The Grade II* listed Swithland slate headstone of Sarah and John Wheatly of Ave Maria Lane, EC4 is unusual, perhaps unique, in London; in the midlands however there are thousands of them. It was produced in 1790 and has the original elaborate mason’s signature; J. Winfield of Wimswould (now generally spelt Wymeswold) along the bottom edge. In his book Of Graves and Epitaphs Kenneth Arthur Lindley notes that ‘the proximity of Swithland and its beautiful slate and the genius of native craftsmen have made Wymeswold churchyard one of the finest in England.’ The town was a centre for production of finely crafted slate products which included sundials, clockfaces, milestones, fireplaces and thousands of headstones. The slate came from quarries in the Charnwood Forest area of Leicestershire and was finely grained, allowing for sharp, detailed, carving. It is a very durable material, making this one of Bunhill’s best preserved memorials. The lettering and carving are almost pristine, as crisp now as they would have been when John Winfield first chiselled them out 220 years ago.
Historic England’s official listing of the memorial says that “slate from the Midlands began to be available for use in London in the later C18 due to the growth of the canal network,” implying that the memorial made its way sedately to London along the various braches of the Grand Union Canal but this can’t be correct. When John Winfield completed the headstone in the early 1790’s the canals were not yet built and it must have come the 112 miles from Leicestershire packed carefully in straw on a horse drawn cart.
John Wheatly presumably had Leicestershire connections and either he or Sarah (and quite possibly both) may well have grown up there. When his wife died he commissioned John Winfield to produce this beautiful headstone with its elegant lettering and inset roundel . As well as such well worn metaphors of mortality as a skull and crossbones (with the word 'mortality' helpfully inscribed across the top of the cranium), a cross, an anchor, a snuffed candle, an urn (‘dust to dust’) a scroll (‘ashes to ashes’) we also have a globe with the words ‘the great globe itself shall dissolve’ which is, of course, a quote from Propero’s speech at the end of ‘The Tempest’:
The cloud-capp'd towers, the gorgeous palaces,The solemn temples, the great globe itself,
Yea, all which it inherit, shall dissolve,
And, like this insubstantial pageant faded,
Leave not a rack behind: We are such stuff
As dreams are made on, and our little life
Is rounded with a sleep.
The headstone is divided into two equal columns, the one on the left initially being left blank for John Wheatly’s details to be added when he eventually died. The right hand column contains Sarah Wheatly’s details in a variety of flowery and ornate scripts and contains a short devotional verse:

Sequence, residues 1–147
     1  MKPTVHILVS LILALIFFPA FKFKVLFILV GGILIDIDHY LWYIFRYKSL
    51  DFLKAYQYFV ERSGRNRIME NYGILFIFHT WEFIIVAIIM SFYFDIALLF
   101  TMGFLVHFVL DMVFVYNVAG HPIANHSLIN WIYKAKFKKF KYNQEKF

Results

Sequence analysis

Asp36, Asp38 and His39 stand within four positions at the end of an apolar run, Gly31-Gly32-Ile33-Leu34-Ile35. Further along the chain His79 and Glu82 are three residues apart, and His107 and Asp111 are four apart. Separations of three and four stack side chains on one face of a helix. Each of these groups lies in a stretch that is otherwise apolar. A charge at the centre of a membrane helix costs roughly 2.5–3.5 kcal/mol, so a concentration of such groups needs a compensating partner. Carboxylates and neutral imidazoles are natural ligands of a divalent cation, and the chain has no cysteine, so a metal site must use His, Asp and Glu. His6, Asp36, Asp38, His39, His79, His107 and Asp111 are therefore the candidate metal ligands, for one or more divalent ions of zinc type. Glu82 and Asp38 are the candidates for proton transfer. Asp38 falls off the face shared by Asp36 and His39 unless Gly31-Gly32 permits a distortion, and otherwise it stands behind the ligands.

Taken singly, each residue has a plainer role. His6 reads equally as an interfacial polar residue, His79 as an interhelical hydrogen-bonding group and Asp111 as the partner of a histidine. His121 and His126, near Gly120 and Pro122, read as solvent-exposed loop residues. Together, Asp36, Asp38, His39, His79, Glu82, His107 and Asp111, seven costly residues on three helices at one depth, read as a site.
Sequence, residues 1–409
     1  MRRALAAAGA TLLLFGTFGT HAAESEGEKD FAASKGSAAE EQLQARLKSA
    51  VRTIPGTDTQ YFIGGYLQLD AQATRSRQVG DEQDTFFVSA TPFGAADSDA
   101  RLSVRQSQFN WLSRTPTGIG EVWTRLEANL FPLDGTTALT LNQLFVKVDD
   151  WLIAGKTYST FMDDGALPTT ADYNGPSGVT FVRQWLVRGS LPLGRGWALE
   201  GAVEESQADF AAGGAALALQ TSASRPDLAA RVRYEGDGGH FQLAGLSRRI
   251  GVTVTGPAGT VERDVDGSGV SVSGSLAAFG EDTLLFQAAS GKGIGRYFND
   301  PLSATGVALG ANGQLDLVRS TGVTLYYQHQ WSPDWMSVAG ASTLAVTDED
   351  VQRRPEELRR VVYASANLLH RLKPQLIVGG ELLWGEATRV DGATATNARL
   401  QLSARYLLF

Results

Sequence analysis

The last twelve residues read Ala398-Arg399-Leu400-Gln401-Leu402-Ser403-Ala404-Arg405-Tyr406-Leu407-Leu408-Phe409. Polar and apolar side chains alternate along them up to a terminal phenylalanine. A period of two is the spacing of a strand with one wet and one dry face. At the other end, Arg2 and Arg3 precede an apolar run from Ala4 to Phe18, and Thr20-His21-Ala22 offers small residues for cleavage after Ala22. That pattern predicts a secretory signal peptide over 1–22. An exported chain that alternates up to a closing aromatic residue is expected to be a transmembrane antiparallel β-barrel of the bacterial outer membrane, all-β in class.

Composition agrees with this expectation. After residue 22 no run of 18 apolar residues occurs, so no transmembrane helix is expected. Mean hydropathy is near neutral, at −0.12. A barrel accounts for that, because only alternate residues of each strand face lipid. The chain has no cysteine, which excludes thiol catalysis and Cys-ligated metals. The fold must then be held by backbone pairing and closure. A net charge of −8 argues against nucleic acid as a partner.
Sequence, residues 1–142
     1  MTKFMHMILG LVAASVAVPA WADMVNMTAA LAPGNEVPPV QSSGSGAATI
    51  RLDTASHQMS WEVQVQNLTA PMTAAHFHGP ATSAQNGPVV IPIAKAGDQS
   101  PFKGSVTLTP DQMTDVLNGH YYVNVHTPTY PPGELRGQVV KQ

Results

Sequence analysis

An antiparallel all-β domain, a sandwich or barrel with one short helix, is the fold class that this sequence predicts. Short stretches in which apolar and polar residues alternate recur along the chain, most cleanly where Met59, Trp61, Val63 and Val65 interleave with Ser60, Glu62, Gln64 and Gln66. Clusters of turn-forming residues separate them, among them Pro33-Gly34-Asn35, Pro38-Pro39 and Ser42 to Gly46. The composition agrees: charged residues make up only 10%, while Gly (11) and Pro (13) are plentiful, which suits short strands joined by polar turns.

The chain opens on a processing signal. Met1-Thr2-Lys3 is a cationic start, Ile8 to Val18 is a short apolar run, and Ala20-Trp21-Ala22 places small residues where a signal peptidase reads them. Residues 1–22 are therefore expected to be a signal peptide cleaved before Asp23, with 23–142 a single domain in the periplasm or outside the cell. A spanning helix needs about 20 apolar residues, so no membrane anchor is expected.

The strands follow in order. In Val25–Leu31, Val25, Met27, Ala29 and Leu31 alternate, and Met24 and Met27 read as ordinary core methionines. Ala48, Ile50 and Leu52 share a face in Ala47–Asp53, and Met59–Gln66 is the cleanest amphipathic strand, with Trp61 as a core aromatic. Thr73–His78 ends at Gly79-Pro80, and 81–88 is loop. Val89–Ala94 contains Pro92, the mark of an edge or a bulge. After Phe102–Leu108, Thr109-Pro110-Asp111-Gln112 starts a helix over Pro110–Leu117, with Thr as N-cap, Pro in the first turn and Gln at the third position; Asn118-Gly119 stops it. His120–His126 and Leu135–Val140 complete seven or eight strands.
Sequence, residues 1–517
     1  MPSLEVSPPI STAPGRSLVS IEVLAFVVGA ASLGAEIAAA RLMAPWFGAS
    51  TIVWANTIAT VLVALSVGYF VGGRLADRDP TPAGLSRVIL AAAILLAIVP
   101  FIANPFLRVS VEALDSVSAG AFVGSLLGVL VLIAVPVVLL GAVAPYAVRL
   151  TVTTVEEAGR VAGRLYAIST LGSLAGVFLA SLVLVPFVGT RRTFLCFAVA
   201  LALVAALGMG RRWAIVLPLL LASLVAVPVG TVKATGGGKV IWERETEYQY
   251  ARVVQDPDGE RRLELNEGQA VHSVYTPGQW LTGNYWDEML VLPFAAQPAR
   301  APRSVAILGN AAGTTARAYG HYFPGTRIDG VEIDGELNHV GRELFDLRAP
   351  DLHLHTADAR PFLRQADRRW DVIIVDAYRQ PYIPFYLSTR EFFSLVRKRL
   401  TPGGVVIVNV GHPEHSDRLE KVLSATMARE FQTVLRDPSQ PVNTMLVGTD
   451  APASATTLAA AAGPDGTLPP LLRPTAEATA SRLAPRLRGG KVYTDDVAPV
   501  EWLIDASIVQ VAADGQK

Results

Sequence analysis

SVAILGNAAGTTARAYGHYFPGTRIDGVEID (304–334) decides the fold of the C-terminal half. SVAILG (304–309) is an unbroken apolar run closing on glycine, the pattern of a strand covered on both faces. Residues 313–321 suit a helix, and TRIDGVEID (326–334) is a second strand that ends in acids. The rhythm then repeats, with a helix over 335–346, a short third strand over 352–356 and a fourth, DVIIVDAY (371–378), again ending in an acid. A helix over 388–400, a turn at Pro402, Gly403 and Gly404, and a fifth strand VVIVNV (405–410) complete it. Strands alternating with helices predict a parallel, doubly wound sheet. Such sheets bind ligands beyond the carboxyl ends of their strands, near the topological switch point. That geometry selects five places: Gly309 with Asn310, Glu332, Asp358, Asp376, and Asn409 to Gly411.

Sinners prepare to meet your judge, your GodHis Throne approacheth w[ith] Faith in Jesus Blood
Redemption's only Price, Man's ransom paid
Long in Affliction's Night my Soul allay[e]d:
Triumphing in his Cross, her house of Clay
Now cheerful quits for realms of endless Day
The verse seems to be an original composition albeit cobbled together out of a variety of well worn biblical phrases, perhaps John Wheatly fancied himself a poet? His own epitaph simply records his name and dates of birth and death in a simple copperplate script as though no one could really be bothered to think of anything more to say about the old man when he finally died at the age of 84 in 1823. We don’t know much about John Wheatly. He was a newsvendor who lived at 4 Ave Maria Lane and he was a subscriber to Paul Wright DD’s resoundingly titled The Christian's New and Complete British Family Bible, being a New, Clear, Full, and Universal Exposition and Commentary on the Holy Scriptures. Containing the Whole of the Sacred Text of the Holy Bible, as Contained in the Old and New Testaments, with the Apocrypha, at Large. Illustrated with Most Valuable Notes and Annotations, Theological, Critical, Moral, Divine, Historical, Geographical, Systematical, Biographical, Practical, Admonitory, Chronological and Explanatory. The Wheatly's son Edward took over the family business when John grew too old and infirm to carry it on himself. Other than that his life is a cipher.
Ave Maria Lane by the way is a street to the west of St. Paul's, an extension of Warwick Lane between Amen Corner and Ludgate Hill. Tradition has it that on the feast day of Corpus Christi, monks would hold a procession to St Paul’s setting off from Paternoster Row chanting the Lord's Prayer (Pater noster being the opening words of the Latin version of the prayer). They would reach the final "Amen" as they turned the corner into Ave Maria Lane which to this day is still known as Amen Corner after which they would chant the Hail Mary, which of course in Latin is Ave Maria.